Objective: Little is known about the natural history of polycystic ovary syndrome (PCOS), although preliminary data indicate that affected women are more susceptible than the general population to diabetes and cardiovascular diseases at post-menopausal ages. The aim of this study was to follow-up all main features of the metabolic syndrome in a group of young women with PCOS and to investigate the long-term effects on metabolism and body composition of oestrogen-progestagen (OP) compounds, which are frequently used in these women to treat hyperandrogenism and related clinical features.
Design: Long-term follow-up study.
Subjects and methods: Thirty-seven women with PCOS were re-evaluated 10.3 +/- 0.8 years (range 6-18 years) after their first assessments (age: before 19.8 +/- 4.9 years; after 29.9 +/- 4.4 years). When first examined, women were instructed to follow a hypocaloric diet if they were obese plus OP, if they agreed to such treatment. Main anthropometric parameters, basal sex hormones and lipids, fasting and glucose-stimulated glucose and insulin levels and several clinical data were recorded before and after follow-up.
Results: In the whole group of women with PCOS we found no changes in body weight and fat mass, whereas both the waist-to-hip ratio and the waist-to-thigh ratio were significantly reduced. No significant changes occurred in mean fasting and glucose-stimulated glucose and insulin concentrations, whereas a significant increase in high-density lipoprotein-cholesterol was found. No significant changes occurred in testosterone levels. During the follow-up period 16 women took OP for an average of 97 +/- 18 months (range 12-180 months) (OP-users) whereas 21 women never took OP (non-OP-users). All OP-users were still taking OP when re-evaluated at the follow-up examination. With respect to baseline values, body mass index was higher in non-OP-users than in their counterparts. Waist circumference (P < 0.025), the waist-to-hip (P < 0.05) and the waist-to-thigh (P < 0.01) ratios decreased significantly only in the OP-users. In addition, percentage changes in waist circumference (P < 0.05) and waist-to-hip ratio (P < 0.05) during the follow-up period were significantly different between the groups. Glucose tolerance (as area under the curve (AUC)) improved (P < 0.05) in OP-users but not in non-OP-users. Moreover, compared to baseline values, basal insulin levels were significantly (P < 0.01) reduced in OP-users but not in non-OP-users. On the contrary, no significant change was found in insulinAUC in the former, whereas it significantly increased (P < 0.05) in the latter. Accordingly, fasting C-peptide decreased (P < 0.05) in OP-users, whereas both fasting (P < 0.01) and stimulated (P < 0.01) C-peptide significantly increased in non-OP-users. Changes in fasting or stimulated insulin and C-peptide in non-OP-users were not associated with parallel changes in testosterone levels. Total cholesterol and triglycerides did not change in either group, but HDL-cholesterol increased (P < 0.05) only in OP-users. Sex hormone-binding globulin concentrations increased significantly (P < 0.01) in OP-users, without any significant change in non-OP-users. Testosterone concentrations did not change significantly in either group, but the testosterone: SHBG ratio significantly decreased in OP-users (P < 0.05) but not in the non-OP-users. Among the clinical features, acanthosis nigricans significantly (P < 0.01) worsened in non-OP-users but not in the OP-users, without any significant change in the hirsutism and acne scores. Pregnancy rates during the follow-up were similar in both groups.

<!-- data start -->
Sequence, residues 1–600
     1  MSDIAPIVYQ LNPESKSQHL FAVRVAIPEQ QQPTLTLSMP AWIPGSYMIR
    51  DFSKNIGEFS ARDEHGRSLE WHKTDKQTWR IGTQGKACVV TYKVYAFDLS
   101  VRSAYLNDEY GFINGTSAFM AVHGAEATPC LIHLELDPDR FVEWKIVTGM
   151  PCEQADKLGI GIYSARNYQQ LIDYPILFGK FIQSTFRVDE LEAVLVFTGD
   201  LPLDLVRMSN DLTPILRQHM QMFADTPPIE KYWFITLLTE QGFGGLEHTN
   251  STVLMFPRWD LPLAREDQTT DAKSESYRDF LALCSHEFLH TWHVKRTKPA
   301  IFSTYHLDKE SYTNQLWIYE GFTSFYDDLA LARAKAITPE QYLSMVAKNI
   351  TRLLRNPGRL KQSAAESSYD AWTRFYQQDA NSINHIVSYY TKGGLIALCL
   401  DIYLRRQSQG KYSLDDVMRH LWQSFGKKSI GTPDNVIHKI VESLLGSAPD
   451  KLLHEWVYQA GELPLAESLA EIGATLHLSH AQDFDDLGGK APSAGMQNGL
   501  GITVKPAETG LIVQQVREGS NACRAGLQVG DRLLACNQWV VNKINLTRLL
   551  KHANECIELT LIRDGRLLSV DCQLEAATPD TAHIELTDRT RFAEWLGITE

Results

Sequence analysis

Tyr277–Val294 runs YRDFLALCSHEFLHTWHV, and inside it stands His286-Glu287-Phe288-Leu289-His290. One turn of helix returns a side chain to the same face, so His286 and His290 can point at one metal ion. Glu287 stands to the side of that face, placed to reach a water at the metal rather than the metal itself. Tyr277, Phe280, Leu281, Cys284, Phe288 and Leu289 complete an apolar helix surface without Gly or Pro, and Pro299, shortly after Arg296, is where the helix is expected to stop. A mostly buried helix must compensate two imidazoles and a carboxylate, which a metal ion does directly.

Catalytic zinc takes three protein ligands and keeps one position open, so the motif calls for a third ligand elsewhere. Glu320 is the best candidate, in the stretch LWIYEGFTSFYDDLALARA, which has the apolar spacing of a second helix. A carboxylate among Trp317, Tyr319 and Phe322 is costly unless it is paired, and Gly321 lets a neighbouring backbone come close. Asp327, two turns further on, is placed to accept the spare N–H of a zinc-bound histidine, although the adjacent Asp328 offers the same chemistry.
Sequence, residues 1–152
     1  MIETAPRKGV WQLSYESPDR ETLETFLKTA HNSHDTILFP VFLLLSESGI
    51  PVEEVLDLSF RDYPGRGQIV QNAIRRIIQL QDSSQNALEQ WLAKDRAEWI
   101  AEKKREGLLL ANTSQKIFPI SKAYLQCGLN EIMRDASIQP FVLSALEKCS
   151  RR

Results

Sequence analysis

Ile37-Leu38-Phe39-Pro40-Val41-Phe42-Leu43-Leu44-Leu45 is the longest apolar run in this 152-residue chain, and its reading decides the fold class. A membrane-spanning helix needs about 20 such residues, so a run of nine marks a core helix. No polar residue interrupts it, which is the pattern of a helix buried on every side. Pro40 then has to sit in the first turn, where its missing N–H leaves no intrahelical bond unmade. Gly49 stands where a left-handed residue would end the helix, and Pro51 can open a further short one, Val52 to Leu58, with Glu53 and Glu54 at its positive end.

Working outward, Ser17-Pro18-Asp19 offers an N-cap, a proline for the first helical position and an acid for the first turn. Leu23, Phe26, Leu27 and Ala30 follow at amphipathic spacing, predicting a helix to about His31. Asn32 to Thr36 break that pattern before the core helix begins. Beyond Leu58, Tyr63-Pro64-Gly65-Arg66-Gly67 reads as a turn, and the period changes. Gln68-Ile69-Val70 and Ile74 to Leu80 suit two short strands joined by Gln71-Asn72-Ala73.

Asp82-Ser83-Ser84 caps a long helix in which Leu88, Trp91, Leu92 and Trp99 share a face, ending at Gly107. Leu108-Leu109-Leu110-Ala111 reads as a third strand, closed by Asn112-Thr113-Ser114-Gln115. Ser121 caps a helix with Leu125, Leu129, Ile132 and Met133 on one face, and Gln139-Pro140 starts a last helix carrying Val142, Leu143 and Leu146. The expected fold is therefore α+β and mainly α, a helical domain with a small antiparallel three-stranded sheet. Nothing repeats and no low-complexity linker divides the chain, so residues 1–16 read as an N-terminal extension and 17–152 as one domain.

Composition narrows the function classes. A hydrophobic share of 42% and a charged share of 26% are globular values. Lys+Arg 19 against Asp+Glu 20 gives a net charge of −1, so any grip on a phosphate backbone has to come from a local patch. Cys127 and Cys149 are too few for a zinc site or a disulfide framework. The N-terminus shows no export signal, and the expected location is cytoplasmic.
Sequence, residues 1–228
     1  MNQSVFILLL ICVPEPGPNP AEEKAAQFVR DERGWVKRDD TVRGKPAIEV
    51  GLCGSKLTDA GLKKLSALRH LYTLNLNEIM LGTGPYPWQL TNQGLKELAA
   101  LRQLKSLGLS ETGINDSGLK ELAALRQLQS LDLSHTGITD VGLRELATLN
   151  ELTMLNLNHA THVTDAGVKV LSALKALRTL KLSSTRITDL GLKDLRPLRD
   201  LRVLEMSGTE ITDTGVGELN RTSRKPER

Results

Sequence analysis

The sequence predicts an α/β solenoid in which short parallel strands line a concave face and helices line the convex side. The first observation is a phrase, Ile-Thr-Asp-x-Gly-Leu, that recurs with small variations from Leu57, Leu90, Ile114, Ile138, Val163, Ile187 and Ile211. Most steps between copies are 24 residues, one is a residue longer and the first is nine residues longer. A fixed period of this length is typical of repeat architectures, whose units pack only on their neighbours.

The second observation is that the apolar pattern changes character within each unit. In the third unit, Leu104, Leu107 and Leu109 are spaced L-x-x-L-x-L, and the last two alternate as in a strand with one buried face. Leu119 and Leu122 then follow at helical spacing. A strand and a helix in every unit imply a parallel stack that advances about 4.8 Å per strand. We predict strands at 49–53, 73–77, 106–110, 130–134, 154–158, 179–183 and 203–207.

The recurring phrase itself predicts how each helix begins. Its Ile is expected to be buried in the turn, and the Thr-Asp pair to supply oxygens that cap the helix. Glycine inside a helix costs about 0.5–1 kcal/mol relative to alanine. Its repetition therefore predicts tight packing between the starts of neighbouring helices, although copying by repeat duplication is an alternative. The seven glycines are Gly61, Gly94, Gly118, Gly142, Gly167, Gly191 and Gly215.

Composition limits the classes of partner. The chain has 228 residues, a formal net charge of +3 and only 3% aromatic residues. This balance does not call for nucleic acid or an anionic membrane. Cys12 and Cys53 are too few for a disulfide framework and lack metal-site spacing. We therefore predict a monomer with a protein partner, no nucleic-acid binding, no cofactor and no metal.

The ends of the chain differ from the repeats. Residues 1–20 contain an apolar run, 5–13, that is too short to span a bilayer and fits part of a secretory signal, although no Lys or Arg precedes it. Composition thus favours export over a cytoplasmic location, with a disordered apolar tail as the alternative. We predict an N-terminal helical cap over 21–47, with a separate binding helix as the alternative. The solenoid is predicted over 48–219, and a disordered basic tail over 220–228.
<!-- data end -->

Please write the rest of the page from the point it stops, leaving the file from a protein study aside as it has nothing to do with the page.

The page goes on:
Conclusions: These data indicate that hyperinsulinaemia and insulin resistance tended to worsen spontaneously in women with PCOS, without any worsening of the hyperandrogenism. Long-term oestrogen-progestagen treatment countered this tendency, probably because it improved the pattern of body fat distribution, by reducing abdominal fat depots.